Amnesty International report condemns Iran’s human rights abuses

The Bahá’íInternational Community has noted with alarm a new Amnesty International report that highlights the widening crackdown on dissent in Iran.

The document, titled ‘We are ordered to crush you’: Expanding Repression of Dissent in Iran’, cites a wave of recent arrests of lawyers, students, journalists, political activists, filmmakers, and religious and ethnic minorities.

Widespread restrictions on freedom of expression, association and assembly are described, as well as torture, other ill-treatment and poor conditions in detention. Particular concern is expressed at the high rate of public executions – around four times more in 2011 than in the previous year – and Iran’s continuing execution of juvenile offenders, which is strictly prohibited under international law.

The Iranian authorities also see the internet and social media as a major threat, said Ann Harrison, Interim Deputy Director of Amnesty International’s Middle East and North Africa Programme. “Anything from setting up a social group on the internet, forming or joining an NGO, or expressing your opposition to the status quo can land you in prison,” she said.

The document reports an increase in the number and severity of attacks against Bahá’ís – attacks that have ranged from arrests to arson, and the publishing of slanderous articles in the press.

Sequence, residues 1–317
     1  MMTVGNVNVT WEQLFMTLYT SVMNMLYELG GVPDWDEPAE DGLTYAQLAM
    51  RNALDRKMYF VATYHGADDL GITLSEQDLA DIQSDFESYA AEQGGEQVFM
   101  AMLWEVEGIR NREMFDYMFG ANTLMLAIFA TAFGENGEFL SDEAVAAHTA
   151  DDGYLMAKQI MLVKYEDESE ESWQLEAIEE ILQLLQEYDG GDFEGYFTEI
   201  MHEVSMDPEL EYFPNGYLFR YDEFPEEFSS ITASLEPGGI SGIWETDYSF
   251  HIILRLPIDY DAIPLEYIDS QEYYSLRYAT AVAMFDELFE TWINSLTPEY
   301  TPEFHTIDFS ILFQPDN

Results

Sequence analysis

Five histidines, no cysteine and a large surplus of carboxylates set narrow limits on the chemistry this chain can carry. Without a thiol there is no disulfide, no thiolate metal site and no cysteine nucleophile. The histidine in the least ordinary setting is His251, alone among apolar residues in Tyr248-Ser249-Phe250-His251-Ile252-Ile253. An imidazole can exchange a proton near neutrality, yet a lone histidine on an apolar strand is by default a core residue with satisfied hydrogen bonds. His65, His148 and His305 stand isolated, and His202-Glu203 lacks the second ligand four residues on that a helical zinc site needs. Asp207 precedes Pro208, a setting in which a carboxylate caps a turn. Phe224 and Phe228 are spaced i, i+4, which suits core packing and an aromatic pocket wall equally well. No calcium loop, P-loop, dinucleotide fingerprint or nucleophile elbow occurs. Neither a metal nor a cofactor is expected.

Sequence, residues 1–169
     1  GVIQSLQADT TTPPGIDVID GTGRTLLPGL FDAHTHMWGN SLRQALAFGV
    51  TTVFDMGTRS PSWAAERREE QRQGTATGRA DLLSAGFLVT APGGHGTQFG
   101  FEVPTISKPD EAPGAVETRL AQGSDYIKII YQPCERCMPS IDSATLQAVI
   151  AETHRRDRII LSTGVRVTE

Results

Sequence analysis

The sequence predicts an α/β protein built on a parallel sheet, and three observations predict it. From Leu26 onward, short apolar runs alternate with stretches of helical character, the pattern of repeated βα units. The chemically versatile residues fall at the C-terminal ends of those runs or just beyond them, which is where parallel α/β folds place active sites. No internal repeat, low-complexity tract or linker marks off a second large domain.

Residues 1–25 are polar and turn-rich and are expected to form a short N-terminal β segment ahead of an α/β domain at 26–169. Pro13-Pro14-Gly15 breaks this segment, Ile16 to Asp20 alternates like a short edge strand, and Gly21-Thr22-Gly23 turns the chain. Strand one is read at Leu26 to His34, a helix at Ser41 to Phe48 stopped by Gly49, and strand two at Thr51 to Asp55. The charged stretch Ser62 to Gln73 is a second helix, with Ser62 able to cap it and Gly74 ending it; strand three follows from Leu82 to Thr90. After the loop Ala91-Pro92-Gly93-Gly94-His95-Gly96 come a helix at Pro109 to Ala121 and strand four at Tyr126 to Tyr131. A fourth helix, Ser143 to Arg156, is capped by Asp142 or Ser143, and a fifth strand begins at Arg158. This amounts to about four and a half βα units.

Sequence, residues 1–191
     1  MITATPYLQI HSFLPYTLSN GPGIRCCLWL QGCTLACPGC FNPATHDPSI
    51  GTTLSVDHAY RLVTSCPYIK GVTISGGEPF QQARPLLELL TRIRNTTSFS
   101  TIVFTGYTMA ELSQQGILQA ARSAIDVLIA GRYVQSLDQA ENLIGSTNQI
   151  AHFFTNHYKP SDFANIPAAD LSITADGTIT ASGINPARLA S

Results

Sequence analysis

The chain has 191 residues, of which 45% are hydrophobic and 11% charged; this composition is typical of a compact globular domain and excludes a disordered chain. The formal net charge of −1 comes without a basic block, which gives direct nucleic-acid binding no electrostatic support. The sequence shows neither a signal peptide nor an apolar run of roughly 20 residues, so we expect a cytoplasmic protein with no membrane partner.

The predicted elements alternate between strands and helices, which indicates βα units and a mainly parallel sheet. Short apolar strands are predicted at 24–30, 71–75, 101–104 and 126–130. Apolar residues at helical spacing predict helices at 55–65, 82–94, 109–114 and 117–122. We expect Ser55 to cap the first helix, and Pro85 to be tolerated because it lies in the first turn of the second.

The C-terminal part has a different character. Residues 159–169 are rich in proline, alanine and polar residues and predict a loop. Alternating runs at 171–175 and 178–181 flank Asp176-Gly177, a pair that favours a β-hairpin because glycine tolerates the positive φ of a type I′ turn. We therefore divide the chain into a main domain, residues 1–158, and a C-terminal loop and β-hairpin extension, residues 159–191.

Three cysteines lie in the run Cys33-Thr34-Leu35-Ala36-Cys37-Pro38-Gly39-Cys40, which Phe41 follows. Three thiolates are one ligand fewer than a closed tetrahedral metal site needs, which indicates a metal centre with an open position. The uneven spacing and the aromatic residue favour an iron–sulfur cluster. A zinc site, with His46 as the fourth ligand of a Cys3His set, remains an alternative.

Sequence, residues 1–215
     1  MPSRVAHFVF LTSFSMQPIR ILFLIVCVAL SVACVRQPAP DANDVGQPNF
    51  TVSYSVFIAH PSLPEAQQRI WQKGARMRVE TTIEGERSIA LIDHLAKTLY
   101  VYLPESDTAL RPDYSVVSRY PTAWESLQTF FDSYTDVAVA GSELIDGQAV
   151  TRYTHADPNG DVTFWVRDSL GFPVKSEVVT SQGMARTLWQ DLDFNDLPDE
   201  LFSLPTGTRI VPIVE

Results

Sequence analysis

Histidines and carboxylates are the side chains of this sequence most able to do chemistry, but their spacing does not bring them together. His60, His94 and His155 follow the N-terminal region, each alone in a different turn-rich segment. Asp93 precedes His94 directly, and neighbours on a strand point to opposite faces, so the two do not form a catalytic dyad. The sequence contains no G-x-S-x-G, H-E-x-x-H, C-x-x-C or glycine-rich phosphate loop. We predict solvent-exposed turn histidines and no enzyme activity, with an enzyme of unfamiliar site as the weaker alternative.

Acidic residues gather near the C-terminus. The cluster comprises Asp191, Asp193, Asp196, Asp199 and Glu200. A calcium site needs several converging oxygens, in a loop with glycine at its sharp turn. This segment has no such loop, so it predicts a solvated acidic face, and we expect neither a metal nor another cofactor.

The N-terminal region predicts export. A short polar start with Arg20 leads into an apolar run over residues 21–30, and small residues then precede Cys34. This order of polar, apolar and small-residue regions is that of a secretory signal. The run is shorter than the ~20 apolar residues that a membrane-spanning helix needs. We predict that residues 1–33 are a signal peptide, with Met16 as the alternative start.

“Non-Muslims, especially the Bahá’í community, have been increasingly demonized by Iranian officials and in the Iranian state-controlled media,” says the report. “In 2011, repeated calls by the Supreme Leader and other authorities to combat ‘false beliefs’ – apparently an allusion to evangelical Christianity, Bahá’ísm and Sufism – appear to have led to an increase in religious persecution.”

Welcoming the report, Diane Ala’i – the Bahá’í International Community representative to the United Nations in Geneva – said, “What it confirms is something Iranian Bahá’ís have known for years. Anyone who falls outside the government’s very narrow concept of what is socially or politically acceptable is now an official pariah in Iran, and subject to severe consequences.”

(Bahá’í World News Service)

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